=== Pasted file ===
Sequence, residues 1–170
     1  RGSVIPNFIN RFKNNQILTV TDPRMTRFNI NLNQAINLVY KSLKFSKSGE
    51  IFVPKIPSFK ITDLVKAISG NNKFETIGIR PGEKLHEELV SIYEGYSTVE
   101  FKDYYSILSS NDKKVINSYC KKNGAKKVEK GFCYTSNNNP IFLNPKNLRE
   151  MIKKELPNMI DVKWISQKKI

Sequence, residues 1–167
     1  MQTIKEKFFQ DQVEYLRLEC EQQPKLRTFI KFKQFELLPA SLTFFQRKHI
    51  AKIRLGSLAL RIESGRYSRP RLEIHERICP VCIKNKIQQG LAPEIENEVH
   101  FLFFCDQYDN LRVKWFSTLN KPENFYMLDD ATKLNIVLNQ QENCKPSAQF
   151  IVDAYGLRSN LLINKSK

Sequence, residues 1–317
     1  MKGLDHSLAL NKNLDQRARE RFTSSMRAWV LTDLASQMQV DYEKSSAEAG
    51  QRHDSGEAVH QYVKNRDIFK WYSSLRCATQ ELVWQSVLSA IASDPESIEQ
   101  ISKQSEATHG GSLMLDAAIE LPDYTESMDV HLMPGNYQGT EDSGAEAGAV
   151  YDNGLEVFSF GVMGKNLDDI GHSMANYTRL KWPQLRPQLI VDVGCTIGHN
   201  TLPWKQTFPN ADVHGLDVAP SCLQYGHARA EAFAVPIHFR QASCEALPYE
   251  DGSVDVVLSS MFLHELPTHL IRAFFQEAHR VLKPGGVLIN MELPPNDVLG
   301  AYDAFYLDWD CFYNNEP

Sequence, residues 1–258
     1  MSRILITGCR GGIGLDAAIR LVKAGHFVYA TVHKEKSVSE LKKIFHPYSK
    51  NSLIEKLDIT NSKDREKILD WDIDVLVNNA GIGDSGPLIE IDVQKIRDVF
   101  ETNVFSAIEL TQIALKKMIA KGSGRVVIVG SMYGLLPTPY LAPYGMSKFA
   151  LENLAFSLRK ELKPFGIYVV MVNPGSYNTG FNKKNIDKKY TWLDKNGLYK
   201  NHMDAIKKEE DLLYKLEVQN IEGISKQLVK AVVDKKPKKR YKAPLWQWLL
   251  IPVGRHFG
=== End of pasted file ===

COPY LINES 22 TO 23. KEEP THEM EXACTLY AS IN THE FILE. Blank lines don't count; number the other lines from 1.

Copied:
   101  ETNVFSAIEL TQIALKKMIA KGSGRVVIVG SMYGLLPTPY LAPYGMSKFA
   151  LENLAFSLRK ELKPFGIYVV MVNPGSYNTG FNKKNIDKKY TWLDKNGLYK